Published on October 26, 2023
What is the difference between designing a government website and a business website?
Designing a government website versus a business website is like comparing apples and oranges.
It’s not just about the target audience; it’s about the fundamental purpose and responsibility that these two types of websites carry.
When it comes to a business website, the main objective is pretty clear – making money!
Of course, it’s important to provide a good user experience and ensure conversions, but the primary focus is on appealing to a specific customer segment and driving sales.
That’s business, and I get it.
Now, let’s talk about government websites.
These platforms should be the epitome of inclusivity and accessibility.
Governments exist to serve ALL citizens (not just the ones who are tech-savvy or economically well-off.)
It’s about providing vital services and information to the elderly, the disabled, the less educated, and even those who might not have access to the latest gadgets or a stable internet connection.
Where to focus when building government portals?
When it comes to building government portals, it’s crucial to focus on the aspects that truly matter to citizens.
Unfortunately, what I’ve noticed is that many digital government portals fall short in some key areas, and it’s time we address these issues head-on!
Firstly, responsive design is an absolute must
Seriously, how can we expect to serve ALL citizens if websites don’t work seamlessly on different browsers and devices?
It’s frustrating to see government portals that are practically unusable on mobile phones or outdated browsers.
They must prioritize responsiveness so that citizens can access vital information and services no matter what device we use.
Bilingual websites are not just a nice-to-have
They are a necessity.
In many countries, multiple languages are spoken, and not everyone is fluent in the official language. And lets not forget people from other countries wanting to visit that country are also users!
By providing an intuitive (very important keyword) bilingual experience, we can bridge communication gaps and ensure that everyone can understand and interact with government services easily.
Now, let’s talk about cybersecurity
This is not something to be taken lightly.
Government portals deal with sensitive data and personal information.
I need to know that the government has invested in robust cybersecurity measures to protect my data and maintain my trust in its services before I try to engage and access any public service.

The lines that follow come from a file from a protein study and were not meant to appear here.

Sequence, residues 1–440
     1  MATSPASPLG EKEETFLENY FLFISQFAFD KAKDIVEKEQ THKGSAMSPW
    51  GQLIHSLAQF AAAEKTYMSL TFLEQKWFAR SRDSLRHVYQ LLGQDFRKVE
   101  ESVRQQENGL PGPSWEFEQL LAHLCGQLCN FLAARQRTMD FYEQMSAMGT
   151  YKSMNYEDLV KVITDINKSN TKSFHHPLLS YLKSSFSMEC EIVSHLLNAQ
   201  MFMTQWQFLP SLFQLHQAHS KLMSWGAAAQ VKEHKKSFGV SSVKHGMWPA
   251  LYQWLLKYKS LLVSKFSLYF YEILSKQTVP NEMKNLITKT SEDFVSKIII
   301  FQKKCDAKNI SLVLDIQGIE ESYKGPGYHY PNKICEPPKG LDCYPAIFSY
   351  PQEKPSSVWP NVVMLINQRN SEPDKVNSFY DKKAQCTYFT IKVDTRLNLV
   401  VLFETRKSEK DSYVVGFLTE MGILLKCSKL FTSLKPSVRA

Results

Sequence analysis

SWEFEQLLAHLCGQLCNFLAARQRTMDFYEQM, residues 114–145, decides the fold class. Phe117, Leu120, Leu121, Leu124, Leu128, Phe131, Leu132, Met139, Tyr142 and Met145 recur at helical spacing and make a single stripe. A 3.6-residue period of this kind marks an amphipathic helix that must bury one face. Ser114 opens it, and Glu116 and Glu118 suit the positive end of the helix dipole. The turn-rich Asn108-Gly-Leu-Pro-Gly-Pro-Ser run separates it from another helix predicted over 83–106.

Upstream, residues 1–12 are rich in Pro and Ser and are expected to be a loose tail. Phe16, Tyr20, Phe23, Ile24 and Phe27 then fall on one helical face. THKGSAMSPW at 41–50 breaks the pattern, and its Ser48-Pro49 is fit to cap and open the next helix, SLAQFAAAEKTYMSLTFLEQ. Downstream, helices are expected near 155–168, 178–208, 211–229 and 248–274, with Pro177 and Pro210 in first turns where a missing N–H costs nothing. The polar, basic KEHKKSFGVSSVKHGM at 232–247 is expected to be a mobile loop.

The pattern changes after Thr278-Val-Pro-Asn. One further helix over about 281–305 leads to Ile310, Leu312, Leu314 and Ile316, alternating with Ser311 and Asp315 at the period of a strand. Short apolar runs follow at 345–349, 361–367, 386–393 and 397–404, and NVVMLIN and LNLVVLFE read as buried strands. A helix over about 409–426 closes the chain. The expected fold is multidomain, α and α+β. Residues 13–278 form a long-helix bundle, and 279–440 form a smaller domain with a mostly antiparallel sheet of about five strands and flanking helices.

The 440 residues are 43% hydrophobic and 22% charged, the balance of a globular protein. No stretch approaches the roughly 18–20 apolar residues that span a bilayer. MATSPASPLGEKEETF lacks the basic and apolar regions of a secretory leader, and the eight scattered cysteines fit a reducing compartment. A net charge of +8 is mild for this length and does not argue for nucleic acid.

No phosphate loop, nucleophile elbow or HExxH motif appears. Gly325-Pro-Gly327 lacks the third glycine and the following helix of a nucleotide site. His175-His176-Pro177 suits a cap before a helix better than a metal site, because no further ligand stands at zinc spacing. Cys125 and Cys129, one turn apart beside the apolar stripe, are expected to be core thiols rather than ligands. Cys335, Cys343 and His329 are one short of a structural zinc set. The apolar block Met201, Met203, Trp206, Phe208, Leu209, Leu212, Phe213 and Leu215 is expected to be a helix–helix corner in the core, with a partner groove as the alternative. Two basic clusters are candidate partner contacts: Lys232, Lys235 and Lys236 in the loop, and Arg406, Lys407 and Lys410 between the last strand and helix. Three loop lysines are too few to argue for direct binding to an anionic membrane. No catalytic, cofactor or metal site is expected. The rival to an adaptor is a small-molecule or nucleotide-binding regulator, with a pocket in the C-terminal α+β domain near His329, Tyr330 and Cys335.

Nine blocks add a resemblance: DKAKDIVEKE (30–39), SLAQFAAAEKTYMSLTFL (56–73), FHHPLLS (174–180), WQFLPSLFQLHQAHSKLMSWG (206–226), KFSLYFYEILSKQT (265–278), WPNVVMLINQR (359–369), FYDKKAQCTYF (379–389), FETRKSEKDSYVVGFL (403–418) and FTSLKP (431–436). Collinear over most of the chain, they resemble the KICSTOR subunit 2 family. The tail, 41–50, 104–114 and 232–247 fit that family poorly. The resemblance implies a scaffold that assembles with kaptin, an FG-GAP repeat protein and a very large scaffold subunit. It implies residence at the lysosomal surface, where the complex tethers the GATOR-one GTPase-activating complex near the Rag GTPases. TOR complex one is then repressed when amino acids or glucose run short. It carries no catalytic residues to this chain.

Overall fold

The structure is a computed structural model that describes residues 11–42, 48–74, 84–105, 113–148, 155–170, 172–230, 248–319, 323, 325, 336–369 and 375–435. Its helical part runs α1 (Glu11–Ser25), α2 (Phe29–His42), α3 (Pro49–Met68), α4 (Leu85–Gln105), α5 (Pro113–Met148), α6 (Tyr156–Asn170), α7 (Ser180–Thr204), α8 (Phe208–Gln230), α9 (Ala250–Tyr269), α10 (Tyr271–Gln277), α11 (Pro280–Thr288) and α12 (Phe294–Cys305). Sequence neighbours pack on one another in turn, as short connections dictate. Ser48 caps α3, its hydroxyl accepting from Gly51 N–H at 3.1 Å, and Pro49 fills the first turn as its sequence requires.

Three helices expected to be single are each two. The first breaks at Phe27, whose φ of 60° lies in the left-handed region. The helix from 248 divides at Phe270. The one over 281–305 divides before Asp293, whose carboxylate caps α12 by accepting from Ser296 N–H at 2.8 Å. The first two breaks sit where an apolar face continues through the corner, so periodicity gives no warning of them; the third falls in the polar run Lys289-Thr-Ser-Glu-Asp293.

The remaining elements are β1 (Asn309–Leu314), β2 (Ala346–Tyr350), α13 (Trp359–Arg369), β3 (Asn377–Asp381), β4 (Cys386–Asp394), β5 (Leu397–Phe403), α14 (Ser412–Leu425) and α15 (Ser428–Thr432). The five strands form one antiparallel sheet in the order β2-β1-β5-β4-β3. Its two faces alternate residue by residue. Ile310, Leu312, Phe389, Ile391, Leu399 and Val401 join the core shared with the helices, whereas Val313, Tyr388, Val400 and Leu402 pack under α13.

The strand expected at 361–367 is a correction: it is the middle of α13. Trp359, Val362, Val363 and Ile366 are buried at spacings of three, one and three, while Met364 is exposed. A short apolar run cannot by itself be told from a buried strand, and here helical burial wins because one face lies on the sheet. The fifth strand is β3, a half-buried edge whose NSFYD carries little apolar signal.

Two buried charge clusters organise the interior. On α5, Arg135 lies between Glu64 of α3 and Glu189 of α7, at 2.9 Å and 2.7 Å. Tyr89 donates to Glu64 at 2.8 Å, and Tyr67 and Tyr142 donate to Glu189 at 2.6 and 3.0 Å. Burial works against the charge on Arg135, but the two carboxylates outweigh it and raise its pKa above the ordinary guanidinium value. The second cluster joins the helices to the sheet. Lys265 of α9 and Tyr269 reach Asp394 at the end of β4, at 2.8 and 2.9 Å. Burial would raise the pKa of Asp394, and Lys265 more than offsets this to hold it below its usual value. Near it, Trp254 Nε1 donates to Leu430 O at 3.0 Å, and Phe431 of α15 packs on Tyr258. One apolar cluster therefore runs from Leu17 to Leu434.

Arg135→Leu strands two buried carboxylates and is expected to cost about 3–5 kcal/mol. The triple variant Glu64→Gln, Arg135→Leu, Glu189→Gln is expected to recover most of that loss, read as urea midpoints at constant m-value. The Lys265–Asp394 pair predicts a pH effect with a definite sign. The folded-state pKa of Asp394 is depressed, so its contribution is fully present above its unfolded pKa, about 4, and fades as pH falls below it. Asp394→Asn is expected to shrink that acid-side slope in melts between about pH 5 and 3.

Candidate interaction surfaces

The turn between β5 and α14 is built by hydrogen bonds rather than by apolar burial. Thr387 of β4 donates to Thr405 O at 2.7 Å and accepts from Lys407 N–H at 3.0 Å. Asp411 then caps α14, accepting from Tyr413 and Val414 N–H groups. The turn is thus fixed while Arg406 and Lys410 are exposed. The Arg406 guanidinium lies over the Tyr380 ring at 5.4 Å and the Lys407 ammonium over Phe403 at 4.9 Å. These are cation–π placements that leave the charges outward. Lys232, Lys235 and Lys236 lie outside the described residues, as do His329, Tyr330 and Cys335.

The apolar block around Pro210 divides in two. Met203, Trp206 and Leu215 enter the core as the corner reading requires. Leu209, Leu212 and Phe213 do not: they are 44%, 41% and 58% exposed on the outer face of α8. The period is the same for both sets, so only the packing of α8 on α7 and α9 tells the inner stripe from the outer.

Visual coherence and consistency
This might seem like a minor concern, but it speaks volumes about how seriously we take our digital presence.
Imagine visiting a government portal where each page looks like it’s from a different era or was designed by a different person.
It’s disorienting and unprofessional….which leads to me NOT trusting the site or portal.
A visually cohesive website reflects an organized and efficient government, while inconsistency raises doubts about reliability.
Simple as that.
Content and language are vital aspects too
Let’s face it… government jargon can be confusing and alienating.
A government website should use clear and straightforward language, free from bureaucratic fluff.
Moreover, I believe that a government website should be a shining example of user-centric design.
It should constantly seek feedback from citizens and evolve based on their needs.
After all, it’s the taxpayers who fund the government, and they deserve a seamless and intuitive experience when interacting with it online.
In conclusion, designing government portals should be a mission-driven endeavour fueled by a passion for serving the citizens and making their lives better.
It’s not just about ticking boxes or meeting minimum requirements; it’s about going above and beyond to create platforms that truly empower and connect with people.
Leaders must ask themselves, “Are we doing ENOUGH to ensure that every citizen, regardless of their background or abilities, can access and benefit from government services online?”
The answer (in my opinion) is often a “No.”
It’s not acceptable to have websites that exclude portions of the population or leave people struggling to navigate convoluted interfaces.
A well-designed and user-centric government portal is a reflection of a government that cares and is committed to serving the people with utmost dedication.
About the Author
Mohammad J Sear is focused on bringing purpose to digital in government.
He has obtained his leadership training from the Harvard Kennedy School of Government, USA and holds an MBA from the University of Leicester, UK.
After a successful 12+ years career in the UK government during the premiership of three Prime Ministers Margaret Thatcher, John Major and Tony Blair, Mohammad moved to the private sector and has now for 20+ years been advising government organizations in the UK, Middle East, Australasia and South Asia on strategic challenges and digital transformation.
He is currently working for Ernst & Young (EY) and leading the Digital Government practice efforts across the Middle East and North Africa (MENA), and is also a Digital Government and Innovation lecturer at the Paris School of International Affairs, Sciences Po, France.
As a thought-leader some of the articles he has authored include: “Digital is great but exclusion isn’t – make data work for driving better digital inclusion” published in Harvard Business Review, “Holistic Digital Government” published in the MIT Technology Review, “Want To Make Citizens Happy – Put Experience First” published in Forbes Middle East.
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